On 1 September, the first group of child trust fund (CTF) savers turned 18 and were able to unlock their nest egg. According to HMRC, 55,000 more accounts will mature each month, but what should you do with your money once you have control of it?
In total, there are 6.3 million CTF savers in the UK and according to the Office for National Statistic (ONS),the average teenager with a maturing account will get £650 each. However, research from investment firm Unity Mutual shows that almost half of teens will be receiving more than £5,000, with 27% accessing upwards of £20,000.
With sizeable savings pots to look after, there are fears they could be eroded by high fees, poor returns or low interest rates. Which? research has found millions could be paying 1.5% annually in investment fees, while almost identical rival products charge as little as 0.21%. Meanwhile, cash CTF savers are being paid paltry returns that could be beaten by more competitive Junior Isas.
Here, Which? explains how CTFs work, why they're under fire and your options for managing your cash.
Child trust funds (CTFs) are tax-free savings products for children born between 1 September 2002 and 2 January 2011, which are now closed to new savers.
They were introduced in April 2005 to encourage long-term saving and to give all children a financial boost by the time they reach 18.
The money is locked away, but when the child turns 16 they can legally take over responsibility for their account and make decisions about the fund, such as switching to another provider or transferring to a Junior Isa (Jisa).
There were three child trust fund options at the time:
The government sent vouchers out to parents as opening payments for the funds worth £250 or £500 for children from families with low incomes.
CTF's were discontinued in 2011. By this time, interest rates on CTFs had fallen, while the charges for investments were high compared with charges on stocks and shares Jisas.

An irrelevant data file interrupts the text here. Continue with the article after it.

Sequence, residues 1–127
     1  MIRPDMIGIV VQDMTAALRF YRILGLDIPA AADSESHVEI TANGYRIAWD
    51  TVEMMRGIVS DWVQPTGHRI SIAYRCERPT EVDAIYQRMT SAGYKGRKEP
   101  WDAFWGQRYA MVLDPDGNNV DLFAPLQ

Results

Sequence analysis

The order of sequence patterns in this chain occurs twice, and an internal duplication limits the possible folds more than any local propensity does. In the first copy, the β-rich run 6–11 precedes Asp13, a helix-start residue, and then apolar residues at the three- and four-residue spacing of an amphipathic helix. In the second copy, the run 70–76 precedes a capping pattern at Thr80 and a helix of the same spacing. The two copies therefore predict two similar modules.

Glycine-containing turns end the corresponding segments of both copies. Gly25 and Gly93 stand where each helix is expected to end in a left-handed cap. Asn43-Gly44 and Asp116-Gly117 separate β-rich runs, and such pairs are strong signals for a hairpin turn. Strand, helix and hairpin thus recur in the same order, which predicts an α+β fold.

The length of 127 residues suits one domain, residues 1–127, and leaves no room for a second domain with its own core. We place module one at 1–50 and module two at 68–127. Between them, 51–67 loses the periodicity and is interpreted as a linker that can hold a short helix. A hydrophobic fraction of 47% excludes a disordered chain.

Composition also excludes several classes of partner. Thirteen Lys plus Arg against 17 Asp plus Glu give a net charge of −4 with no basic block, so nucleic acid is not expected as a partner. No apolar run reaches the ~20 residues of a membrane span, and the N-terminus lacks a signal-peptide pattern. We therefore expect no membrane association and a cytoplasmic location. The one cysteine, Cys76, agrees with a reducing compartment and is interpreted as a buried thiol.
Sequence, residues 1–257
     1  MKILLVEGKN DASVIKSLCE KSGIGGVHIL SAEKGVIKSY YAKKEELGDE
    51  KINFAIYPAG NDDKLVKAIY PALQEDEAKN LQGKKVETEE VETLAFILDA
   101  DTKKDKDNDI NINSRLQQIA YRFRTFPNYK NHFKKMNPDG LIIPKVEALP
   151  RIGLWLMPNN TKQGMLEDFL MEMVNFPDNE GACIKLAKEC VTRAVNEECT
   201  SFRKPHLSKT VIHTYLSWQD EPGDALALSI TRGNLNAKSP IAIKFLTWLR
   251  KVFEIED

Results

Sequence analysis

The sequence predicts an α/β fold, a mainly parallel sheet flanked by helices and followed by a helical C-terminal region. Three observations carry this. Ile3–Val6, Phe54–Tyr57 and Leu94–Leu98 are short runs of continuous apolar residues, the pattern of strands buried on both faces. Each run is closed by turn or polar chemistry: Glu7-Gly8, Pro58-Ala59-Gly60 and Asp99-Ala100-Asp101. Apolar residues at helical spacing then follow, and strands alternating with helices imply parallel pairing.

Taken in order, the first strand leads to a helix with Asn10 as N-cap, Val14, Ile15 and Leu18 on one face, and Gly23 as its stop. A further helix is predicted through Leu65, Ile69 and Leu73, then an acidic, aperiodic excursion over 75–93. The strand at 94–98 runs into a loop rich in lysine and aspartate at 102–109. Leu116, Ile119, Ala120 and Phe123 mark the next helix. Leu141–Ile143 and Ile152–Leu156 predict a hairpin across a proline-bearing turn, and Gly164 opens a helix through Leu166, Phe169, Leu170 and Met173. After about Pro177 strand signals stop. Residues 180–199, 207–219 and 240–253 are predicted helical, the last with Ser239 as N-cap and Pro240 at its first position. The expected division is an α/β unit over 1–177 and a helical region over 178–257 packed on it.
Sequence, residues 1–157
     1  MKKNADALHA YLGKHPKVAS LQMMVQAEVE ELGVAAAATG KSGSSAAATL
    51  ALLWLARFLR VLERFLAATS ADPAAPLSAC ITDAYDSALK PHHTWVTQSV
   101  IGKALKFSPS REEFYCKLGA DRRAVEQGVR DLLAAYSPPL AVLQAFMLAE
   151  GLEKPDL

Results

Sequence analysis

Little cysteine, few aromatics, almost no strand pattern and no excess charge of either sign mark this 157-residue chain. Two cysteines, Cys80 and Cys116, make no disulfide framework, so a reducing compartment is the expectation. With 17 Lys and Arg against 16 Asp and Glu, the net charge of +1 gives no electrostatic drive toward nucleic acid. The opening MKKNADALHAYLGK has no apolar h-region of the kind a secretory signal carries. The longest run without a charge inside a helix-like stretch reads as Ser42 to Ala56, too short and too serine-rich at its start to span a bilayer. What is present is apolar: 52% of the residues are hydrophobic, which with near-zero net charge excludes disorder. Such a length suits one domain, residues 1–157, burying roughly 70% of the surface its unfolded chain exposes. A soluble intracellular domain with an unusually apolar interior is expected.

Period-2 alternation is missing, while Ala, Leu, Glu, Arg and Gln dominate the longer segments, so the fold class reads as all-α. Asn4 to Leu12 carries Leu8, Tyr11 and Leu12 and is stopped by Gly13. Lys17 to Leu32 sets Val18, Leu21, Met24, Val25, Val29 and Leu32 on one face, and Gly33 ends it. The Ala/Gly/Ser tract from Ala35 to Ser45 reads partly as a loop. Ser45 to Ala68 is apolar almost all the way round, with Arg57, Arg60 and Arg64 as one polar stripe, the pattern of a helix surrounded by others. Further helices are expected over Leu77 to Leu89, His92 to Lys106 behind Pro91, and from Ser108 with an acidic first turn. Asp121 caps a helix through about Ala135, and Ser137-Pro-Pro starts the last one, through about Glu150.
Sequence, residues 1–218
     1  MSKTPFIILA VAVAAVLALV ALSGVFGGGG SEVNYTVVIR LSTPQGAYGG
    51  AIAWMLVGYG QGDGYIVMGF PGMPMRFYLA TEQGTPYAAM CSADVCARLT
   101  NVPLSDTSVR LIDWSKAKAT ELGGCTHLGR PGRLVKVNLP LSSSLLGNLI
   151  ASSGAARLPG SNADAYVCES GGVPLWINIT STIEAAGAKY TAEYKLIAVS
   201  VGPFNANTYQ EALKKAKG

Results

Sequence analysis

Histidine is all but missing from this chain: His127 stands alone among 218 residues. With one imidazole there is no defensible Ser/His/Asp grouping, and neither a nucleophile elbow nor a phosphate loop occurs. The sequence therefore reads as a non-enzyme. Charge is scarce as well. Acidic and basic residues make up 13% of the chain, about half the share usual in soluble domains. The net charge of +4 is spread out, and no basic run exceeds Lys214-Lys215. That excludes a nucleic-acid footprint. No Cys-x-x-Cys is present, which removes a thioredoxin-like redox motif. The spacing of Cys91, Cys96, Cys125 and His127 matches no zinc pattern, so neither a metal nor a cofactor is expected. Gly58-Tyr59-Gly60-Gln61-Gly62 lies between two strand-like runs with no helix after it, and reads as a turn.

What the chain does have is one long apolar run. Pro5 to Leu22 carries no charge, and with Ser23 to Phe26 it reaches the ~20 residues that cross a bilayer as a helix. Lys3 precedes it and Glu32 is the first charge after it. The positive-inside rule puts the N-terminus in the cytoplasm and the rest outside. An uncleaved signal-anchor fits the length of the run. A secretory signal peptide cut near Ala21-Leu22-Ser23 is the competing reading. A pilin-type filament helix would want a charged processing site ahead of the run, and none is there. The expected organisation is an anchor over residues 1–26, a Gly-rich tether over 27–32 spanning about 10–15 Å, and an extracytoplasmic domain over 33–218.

Many CTFs offered interest of up to 6% AER when they were introduced in 2005. But by 2011, some had dropped to lows of 1%, a trend which has continued.
OneFamily's cash CTF account tracks the Bank of England base rate, and offers between 0.35% to 1.35%.
Since 2015, CTF account holders have had the option to transfer to a Jisa, which offer much better rates generally. For example, NS&I's cash Isa offers 3.25% AER.
Savers turning 18 years old will have the option to move their CTF savings into an adult Isa. Rates on these accounts are less impressive compared with Jisas (the top instant-access account pays 0.96% AER), but could still offer a better return compared with leaving cash with your existing CTF provider.
There's a charge cap of 1.5% on investment CTFs and most providers in the market charge the maximum fee.
The cap only applies until the child is 18, meaning from September, firms are free to charge whatever they like unless the government imposes new limits.
OneFamily manages the most stakeholder CTFs, including Asda, Barclays, Bounty, Santander and the Post Office.